Tracking disease: Spatial statistics for tropical disease control

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Spatial statistics can be used to monitor tropical disease spread and this session featured three experts in this area.

Emanuele Giorgi (pictured) has been studying ways in which to track lymphatic filariasis, a disease that affects the limbs in populations across Africa and Asia, mainly transmitted by mosquito. There are two ways of counting the microfilariae in individuals; the first is more accurate but can only be done at night as they are nocturnal; the second diagnostic does not need to be done at night but it does not give an overall count. Emanuele explained how a bivariate geostatistical model could be used to get a more accurate count using the second diagnostic given the the count found in a sample of individuals.

Dr Ewan Cameron from the University of Oxford talked about his work mapping progress in malaria control with spatial statistics. He explained that because malaria is essentially a disease of poverty, the health systems where it is still prevalent often do not have good surveillance data. So national and small-scale prevalence surveys are used to map estimates of disease burden. However, as malaria declines, more sensitive diagnostics are required which can be more expensive. Dr Cameron described how he developed a model to embed serological data within a geostatistical framework on a national scale to produce maps to inform policy.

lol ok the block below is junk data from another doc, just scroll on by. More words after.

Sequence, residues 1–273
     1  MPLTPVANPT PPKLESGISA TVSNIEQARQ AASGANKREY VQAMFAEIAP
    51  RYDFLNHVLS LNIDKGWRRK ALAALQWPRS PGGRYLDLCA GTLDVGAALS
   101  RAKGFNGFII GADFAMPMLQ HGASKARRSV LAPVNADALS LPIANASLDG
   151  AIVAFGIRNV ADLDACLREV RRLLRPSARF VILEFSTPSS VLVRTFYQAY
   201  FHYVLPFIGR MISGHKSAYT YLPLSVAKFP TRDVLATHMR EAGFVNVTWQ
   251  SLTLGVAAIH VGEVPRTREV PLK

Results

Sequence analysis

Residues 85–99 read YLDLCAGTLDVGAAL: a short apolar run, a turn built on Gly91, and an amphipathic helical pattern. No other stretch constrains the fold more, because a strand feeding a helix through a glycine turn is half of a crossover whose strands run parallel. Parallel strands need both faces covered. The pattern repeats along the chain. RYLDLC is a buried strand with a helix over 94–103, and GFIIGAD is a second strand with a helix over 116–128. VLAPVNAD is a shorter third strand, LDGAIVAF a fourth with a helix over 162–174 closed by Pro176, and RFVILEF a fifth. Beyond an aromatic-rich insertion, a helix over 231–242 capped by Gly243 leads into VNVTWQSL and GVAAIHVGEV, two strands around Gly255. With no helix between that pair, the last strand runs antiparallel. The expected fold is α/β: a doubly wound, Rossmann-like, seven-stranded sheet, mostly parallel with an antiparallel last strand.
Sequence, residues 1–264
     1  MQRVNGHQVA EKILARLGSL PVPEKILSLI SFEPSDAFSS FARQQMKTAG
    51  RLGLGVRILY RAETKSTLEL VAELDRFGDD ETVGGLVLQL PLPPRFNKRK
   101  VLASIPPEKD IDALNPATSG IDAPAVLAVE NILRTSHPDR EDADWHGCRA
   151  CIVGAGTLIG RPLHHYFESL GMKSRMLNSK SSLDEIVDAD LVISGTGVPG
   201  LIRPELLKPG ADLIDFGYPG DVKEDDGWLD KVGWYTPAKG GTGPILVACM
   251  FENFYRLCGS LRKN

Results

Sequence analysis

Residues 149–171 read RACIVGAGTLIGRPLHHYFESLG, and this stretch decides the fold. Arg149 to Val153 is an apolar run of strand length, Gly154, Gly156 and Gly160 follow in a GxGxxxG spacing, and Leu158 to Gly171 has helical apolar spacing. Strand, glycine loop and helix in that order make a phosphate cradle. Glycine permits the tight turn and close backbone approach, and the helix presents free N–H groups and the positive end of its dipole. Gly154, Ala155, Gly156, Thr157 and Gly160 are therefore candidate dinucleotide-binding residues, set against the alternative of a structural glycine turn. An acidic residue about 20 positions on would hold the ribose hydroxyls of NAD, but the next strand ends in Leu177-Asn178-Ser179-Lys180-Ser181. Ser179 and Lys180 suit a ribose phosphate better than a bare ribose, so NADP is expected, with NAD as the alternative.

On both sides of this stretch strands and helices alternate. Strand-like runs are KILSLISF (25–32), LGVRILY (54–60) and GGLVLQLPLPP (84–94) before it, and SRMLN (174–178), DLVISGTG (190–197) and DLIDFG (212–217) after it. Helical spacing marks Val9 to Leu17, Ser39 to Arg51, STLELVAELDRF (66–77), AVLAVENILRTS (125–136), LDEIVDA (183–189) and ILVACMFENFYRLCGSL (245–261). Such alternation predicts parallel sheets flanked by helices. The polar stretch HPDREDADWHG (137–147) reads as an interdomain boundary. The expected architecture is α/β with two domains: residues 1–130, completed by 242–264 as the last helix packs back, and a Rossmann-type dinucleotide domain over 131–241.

Victor Alegana of the University of Southampton talked about advances in mapping malaria for elimination by fine resolution modeling of plasmodium falciparum, the parasite that causes malaria in humans. He spoke of the challenges identifying ‘hotspots’ in countries almost at the point of eliminating malaria. Many countries hover around the boundaries of elimination but because low prevalence is not detected they rise up again. Robust cartography is needed to map the prevalence of malaria, as hand-drawn maps used previously have been found to be unreliable.

Alegana described his work developing ways of moving between data sets to get a reliable fine-scale map. This can now be used to target interventions in detected ‘hotspot’ areas, improve estimates of clinical burdens in low malaria areas, providing a more cost effective solution, especially in sparsely populated areas.

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